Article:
That afternoon, divided into foursomes, we headed out in a convoy of golf carts to play Pinehurst No. 3. Everybody else could hardly wait; I was looking for an excuse not to go. It's one thing to give a ball your best shot on a flat driving range; it's quite another to aim for a flag you can barely see that's hundreds of feet away, with hills, dales, water, trees, sand, and easily shattered condo windows between you and your goal. At this point in my fragile game, hitting the ball while 19 considerably better players watched seemed cruel. But the school has its reasons : it is extremely helpful to watch experienced players plan their game, seeing what's possible, what's not, and what is simply up to the gods.
By the end of the day I had mastered the golf cart, played honorably, earned a drink, and was adopting the language ("Hey, buddy..."). I even found an hour to look beyond the golf courses.
Pinehurst is a town (population 10,498) as well as a resort. Its early-20th-century cottages stand amid tall pines on gently curved streets. Its prosperous shops sell golf art, golf antiques, golf clothes, and golf real estate. Its liquor shop sells a lot of Jack Daniels. Pinehurst, the resort, includes the town's three biggest hotels: the Carolina, a grand old white clapboard building with a copper mansard roof; the Holly Inn, which has a Craftsman feeling; and the more casual Manor. All golf students are accommodated at the Carolina, the biggest and most luxurious of the three. In 2002 the resort added a vast and attractive spa with a gleaming copper mansard of its own. Golf students take quite a beating physically—a morning on the driving range is more arduous than a day at the Ashram—and a Golfer's Massage (50 minutes; $105) really does help.
Only eating gives golf any serious competition at Pinehurst. All meals are included in the school cost; there's a buffet breakfast (the good kind, with eggs made to order) and a buffet lunch at the clubhouse (less inspired, and usually eaten on the run). You can have dinner in your room or at any of the resort restaurants, from sports bar to heavy-duty candlelight. For a casual dinner, you won't do better than the Tavern at the Holly Inn, built around a 19th-century Scottish bar, with a light, modern sandwich menu and golf on the television at all times. When you want to wear that blue blazer, try the Carolina Dining Room, dressy and traditional in a way Southerners especially appreciate. There are a lot of men who look like Ashley Wilkes escorting women in long skirts, and a rather good combo that plays the standards consistently brings couples to the dance floor. Once a decade or so, I get tempted by baked oysters; they arrived—braised spinach, ham, caviar, and hollandaise, all packed into that itty-bitty shell—as everybody was getting up to take a spin to "Satin Doll." Next came a beefsteak tomato salad ("Speak low...") with a Gorgonzola vinaigrette ("...when you speak love..."). The entrées included the classics but also managed to keep up with the times: ancho-honey-glazed chicken breast (strike up the theme from Ice Castles) came with green tomato chowchow and cheddar-chive spoon bread, and it worked. As did a lemon-lime tart with orange sorbet, by which time everybody was dancing close, to the samba from Black Orpheus.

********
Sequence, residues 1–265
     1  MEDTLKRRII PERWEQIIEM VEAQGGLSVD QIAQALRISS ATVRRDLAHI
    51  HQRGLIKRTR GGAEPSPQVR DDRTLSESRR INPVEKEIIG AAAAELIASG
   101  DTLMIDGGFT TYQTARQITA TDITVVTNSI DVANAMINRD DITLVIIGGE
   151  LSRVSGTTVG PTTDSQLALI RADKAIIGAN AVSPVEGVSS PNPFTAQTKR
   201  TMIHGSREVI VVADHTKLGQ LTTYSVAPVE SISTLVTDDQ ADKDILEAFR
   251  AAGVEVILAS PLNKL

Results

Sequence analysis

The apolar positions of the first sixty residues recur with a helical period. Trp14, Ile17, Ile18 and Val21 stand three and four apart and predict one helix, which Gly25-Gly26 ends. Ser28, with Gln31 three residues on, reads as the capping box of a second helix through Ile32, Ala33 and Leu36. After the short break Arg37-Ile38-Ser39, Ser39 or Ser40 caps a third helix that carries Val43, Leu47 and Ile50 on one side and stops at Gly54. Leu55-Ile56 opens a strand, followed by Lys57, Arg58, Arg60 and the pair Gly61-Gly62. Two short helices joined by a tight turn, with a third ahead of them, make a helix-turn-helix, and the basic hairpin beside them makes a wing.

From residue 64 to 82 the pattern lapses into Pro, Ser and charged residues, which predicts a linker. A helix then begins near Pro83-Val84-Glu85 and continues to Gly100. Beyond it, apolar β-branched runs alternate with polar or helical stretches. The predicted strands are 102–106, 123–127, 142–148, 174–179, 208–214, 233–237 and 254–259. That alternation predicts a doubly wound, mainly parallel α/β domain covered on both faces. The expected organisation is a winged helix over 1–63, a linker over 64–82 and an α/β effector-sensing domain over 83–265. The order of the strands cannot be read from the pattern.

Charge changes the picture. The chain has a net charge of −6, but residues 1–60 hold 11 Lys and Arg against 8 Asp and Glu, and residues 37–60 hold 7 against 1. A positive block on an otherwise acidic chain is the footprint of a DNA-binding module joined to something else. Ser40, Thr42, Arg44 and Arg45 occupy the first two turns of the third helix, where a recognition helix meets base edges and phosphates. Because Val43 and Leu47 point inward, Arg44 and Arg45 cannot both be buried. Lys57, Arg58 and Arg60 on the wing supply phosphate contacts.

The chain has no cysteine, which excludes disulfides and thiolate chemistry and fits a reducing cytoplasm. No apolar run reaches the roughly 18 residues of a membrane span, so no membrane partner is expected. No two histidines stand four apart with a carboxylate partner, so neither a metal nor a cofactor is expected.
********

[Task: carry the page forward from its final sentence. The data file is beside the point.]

That night I dreamed about golf, and I didn't play well. I awoke early, filled with anxiety, fearing that day two would bring setbacks. But it did not. Day three went even better. I was leaving fewer divots in the grass and driving the ball, shall we say, less inconsistently. Chipping was tricky, but it started to come; pitching, I never did get the hang of; and I was always a little too eager to get to the putting clinic. Drill, drill, drill—the idea of the school is to pound good form into you, on the theory that muscle memory eventually partners with your natural style to produce your best game.
Now here's my favorite part: I have it all on tape. The first morning everybody is filmed driving a ball, then forced to watch it NFL-style, in slow motion, while an instructor analyzes your form and sets some goals. On the final morning you are filmed once again, to measure your progress. By that time everybody has had enough and has begun wandering away from their assigned clinics. I drew quite an audience, and by then I was well aware of all the hideous possibilities that sometimes result from the most well-intentioned swing. I drew back my club, said a little prayer, and drove the ball clean, long, and very straight. I had graduated.
And then I was informed that my film clip had been accidentally erased by the computer. So I got up, buddy, and did it again.
STEPHEN DRUCKER is a contributing writer for Architectural Digest.